Before I left for England, my friend, Kelsey, who studied at Oxford last year, gave me the best piece of advice. She told me, “You’re not going to know what to do for your first couple of weeks.” You know what? She was correct! At Holy Cross, I have such a structured life (as any of my friends will tell you). I have classes Monday through Friday from about ten to 3:00. I then stay in the library until about midnight (sometimes, I do eat and sleep). Professors give structured syllabi and reading lists. Oxford is completely different. I meet with my primary tutor once a week, and my secondary tutor once every other week. Every meeting is just a demolition of a paper. For instance, my first tutorial this past Tuesday involved my tutor telling me, “You’re completely wrong here” about five times. Granted, it was not the best paper that I have ever written in my life, and a professor at Holy Cross would’ve told me the same exact thing. But I absorbed her criticism because it was delivered verbally. I’m writing my second paper for her right now, and after every sentence that I write, I’ll stop and think, “What is Charlotte going to say to this?” Even if it’s something as minute as “The sky is blue,” I still ask myself that question. I’ve only been in classes for two weeks, and I already think that I’m becoming a much more structured writer.
Even though that’s fantastic, I still have no idea how to structure my time. I’m trying to find my routine, but it’s rather difficult. I mean, I have two papers due within the week and they both have to be brilliant. When do I stop writing one, and when do I start writing the other? When do I factor in a social life (hah!)? I can’t believe that I’m saying this, but I don’t like having all this free time. It’s frightening! Ah, Professor Manoussakis would be proud because he’d see this as an analogy to free will. But that’s another story for another day.
In other news, my History of the English Language course has somewhat directed my future. As much as I love Old English, Latin, Sanskrit, and various other dead languages, I’ve come to the conclusion that I could never be a linguist. Again, I’m enjoying this tutorial – I truly am. But there’s nothing to really analyze. Instead of writing about a text, I’m writing how the text came to be written in English. It’s fascinating, but I do miss analyzation. I also am not liking the obvious barrier to the study of Old English (and all other dead languages, for that matter)- “no one speaks it anymore, so we can’t be sure.” Then again, it’s kind of a nice contrast to my Age of Bede essay prompt, which is “Did Bede unreservedly select “good” models for Christianity in The Ecclesiastical History of the English People?” (My tutor stated it much more intelligently than that.) Sounds easy, right? It would be easy enough to just write a paper laden with examples about how Bede did compliment virtuous people unreservedly and be done with it. However, I know that this tutor knows that the answer is yes, and he wants me to find out why Bede did it. I know that it sounds like I’m complaining, but, honestly, this is so much fun! I do like the standard to which the tutors hold you. Professors at Holy Cross do the same, but, then again, I’m not writing an essay a week for them.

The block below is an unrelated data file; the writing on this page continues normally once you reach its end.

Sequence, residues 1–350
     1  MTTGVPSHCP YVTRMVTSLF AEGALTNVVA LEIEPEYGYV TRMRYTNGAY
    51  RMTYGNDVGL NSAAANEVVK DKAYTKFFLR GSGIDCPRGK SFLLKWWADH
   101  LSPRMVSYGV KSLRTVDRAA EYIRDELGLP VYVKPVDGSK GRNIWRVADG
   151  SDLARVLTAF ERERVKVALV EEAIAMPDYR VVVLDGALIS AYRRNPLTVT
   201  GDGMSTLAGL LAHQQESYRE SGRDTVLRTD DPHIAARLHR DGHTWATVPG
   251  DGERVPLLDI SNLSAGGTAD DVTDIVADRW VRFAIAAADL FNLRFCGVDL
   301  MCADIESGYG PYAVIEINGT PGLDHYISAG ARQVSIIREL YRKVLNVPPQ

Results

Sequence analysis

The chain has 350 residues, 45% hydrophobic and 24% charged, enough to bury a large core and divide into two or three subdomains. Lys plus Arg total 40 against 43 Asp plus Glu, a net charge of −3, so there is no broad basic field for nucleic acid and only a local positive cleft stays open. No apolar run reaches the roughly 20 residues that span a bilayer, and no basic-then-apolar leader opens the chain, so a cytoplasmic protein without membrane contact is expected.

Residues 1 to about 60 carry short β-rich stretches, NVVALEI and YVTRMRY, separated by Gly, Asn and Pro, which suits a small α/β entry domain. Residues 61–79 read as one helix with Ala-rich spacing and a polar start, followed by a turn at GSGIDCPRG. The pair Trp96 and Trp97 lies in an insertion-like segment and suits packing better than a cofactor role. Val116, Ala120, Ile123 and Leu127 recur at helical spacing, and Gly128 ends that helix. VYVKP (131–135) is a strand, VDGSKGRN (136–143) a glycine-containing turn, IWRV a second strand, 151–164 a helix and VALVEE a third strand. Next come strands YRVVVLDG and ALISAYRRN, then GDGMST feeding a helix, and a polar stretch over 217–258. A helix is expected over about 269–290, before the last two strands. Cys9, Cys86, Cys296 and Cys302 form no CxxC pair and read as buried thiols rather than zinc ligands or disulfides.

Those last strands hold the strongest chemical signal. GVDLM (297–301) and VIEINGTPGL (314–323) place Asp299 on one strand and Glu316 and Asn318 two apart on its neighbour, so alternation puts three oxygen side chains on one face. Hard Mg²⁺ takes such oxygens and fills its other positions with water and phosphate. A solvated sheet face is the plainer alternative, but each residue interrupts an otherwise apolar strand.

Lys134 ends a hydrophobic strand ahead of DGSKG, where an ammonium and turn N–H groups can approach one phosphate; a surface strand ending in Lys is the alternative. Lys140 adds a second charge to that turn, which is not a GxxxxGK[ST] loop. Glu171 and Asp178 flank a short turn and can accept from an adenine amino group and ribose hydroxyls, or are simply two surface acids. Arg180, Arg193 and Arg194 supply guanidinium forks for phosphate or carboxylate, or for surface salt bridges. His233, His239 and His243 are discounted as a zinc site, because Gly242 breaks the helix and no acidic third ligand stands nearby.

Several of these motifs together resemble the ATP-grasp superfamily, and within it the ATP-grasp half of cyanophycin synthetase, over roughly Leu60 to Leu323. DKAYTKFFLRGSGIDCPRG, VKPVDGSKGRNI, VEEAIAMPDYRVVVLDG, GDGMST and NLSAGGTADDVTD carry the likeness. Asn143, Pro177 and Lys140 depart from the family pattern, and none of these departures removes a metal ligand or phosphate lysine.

P.S. I have officially maxed out my Oxford University Library card. Every faculty library permits borrowing (you did read my last entry, right?) up to a certain amount. Well, out of all the libraries for which I’m registered (six or seven), I think that I can check out only one more book from each. That’s a problem. See, my library card is like a credit card for some people. Except, I do have an excuse – I don’t have to buy any books for my classes; I just have to rent them. Yes, yes, that’s it! It’s all for my classes…that happen to be exactly what I want to study so I end up getting way too into them. It’s only a problem when the libraries send out collection officers after your hoard. Which they haven’t…yet.
P.P.S. I received my camera charger and card reader in the mail (THANK YOU, PARENTALS!), so expect to see some photos up here!
Colleen Curran '11